As part of a 2017 Project Feasibility Report and Integrated Environmental Assessment, habitat restoration goals were collaboratively developed by USACE St. Paul District, USFWS, Iowa Department of Natural Resources, and Wisconsin Department of Natural Resources. The focus of these goals was to restore and enhance the quality of overwintering fish habitat and floodplain forests in the area.
Construction activities commenced in in 2020, starting with the dredging of approximately 200,000 cubic yards of sediment from Conway Lake, Phillipi Lake, and Zolls Lake. The purpose of the dredging was to create deep water overwintering fish habitat. By increasing water depths to more than four feet in at least 50% of the project area, the team improved the habitat for numerous ecologically and recreationally important fish species.
Fine-grained silt and clay, dredged from the lakes, was strategically placed on top of a sand base obtained from a navigation dredging stockpile. This arrangement created berms that effectively raised the floodplain’s elevation while preventing inflows of water and sediment into the project area. The sediment used for the berm also functioned as a suitable medium for reestablishing floodplain vegetation and new native trees were planted. To improve the health and diversity of the existing floodplain forest, the project team aimed to achieve a planting success rate of over 75% for seedlings and the establishment of more than >2,100 naturally regenerating trees or shrub seedlings taller than one foot in the first year following planting. The berm and planted vegetation provide cover and nesting habitat for a variety of birds, reptiles, small mammals, and other wildlife.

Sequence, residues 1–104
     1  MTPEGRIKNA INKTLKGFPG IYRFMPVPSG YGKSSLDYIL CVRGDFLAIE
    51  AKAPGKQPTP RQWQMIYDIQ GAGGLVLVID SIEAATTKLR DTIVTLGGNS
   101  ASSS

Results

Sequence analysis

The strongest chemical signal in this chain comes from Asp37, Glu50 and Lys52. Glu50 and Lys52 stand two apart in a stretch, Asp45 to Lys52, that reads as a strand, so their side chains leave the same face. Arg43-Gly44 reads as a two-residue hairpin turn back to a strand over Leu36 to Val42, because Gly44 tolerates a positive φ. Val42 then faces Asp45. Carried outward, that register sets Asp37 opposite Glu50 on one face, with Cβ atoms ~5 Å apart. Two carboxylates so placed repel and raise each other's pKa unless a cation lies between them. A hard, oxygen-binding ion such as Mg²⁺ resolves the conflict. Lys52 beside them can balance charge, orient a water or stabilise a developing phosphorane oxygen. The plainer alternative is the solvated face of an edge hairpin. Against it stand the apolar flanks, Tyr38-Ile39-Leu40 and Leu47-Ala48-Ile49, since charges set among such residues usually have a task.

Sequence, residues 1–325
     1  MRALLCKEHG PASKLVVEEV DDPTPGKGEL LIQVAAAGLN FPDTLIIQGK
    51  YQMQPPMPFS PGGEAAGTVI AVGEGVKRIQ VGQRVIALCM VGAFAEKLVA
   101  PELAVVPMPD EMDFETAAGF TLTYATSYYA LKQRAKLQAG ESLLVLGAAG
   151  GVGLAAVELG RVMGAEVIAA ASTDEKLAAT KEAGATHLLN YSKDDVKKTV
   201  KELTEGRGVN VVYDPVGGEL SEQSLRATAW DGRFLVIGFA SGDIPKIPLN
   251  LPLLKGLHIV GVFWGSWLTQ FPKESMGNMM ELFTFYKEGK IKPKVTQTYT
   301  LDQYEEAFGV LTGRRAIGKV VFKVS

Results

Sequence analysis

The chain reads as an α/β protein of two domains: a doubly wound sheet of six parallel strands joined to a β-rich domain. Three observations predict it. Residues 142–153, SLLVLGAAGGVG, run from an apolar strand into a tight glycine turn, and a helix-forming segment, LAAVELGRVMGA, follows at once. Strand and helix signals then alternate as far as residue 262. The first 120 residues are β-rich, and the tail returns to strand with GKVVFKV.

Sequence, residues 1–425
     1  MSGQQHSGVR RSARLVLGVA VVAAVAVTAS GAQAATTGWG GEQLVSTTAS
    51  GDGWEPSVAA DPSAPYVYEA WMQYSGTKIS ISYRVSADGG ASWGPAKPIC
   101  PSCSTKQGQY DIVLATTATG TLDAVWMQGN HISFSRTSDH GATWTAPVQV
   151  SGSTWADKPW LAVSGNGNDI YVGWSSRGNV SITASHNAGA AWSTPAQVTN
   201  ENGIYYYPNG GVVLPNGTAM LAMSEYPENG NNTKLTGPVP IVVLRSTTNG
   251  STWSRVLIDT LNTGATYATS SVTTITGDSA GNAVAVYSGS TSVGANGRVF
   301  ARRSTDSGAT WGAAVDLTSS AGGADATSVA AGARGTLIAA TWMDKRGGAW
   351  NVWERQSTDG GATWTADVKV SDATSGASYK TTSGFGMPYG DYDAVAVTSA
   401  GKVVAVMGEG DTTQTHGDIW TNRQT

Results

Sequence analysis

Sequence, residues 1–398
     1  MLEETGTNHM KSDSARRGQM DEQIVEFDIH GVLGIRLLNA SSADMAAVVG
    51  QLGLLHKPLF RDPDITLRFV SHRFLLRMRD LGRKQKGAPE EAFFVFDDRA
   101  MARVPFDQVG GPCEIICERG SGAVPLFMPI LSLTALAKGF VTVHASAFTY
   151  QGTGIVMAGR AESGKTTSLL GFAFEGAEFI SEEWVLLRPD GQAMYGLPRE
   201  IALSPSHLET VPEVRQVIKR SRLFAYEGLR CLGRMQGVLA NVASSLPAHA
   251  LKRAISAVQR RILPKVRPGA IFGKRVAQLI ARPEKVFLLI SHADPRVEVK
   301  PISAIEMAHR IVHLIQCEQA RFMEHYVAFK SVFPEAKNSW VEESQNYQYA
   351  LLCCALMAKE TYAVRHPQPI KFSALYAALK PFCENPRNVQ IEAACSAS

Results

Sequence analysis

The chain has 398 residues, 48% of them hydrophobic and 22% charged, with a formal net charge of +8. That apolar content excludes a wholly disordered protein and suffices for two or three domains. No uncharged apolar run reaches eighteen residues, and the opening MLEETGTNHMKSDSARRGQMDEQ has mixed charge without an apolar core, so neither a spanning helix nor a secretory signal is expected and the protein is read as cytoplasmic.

The project was completed in 2022, resulting in the enhancement and creation of 215 acres of floodplain forest, 93 acres of off-channel, backwater fish habitat, and 25 acres of overwintering fish habitat.
The monitoring and adaptive management of the Conway Lake HREP are ongoing processes. The project team monitors key physical and biological characteristics to compare them with baseline conditions. This includes measuring water quality metrics such as depth, temperature, and dissolved oxygen, as well as observing the survivorship and growth of planted seedlings. To assess the restoration impacts on fish, fall electrofishing surveys are conducted to inventory fish species in the restored backwater and overwintering habitats. Furthermore, soil conditions in the constructed berm and rehabilitated floodplain forests are closely monitored. The team assesses a suite of sediment characteristics, such as organic matter content, grain size, bulk density, pH, total carbon, nitrogen, phosphorous, and moisture content.
The Conway Lake HREP serves as a prime example of the benefits achieved by “keeping sediment in the system.” The project demonstrates how leveraging synergies between sediment management and habitat restoration can lead to positive outcomes for the ecosystem.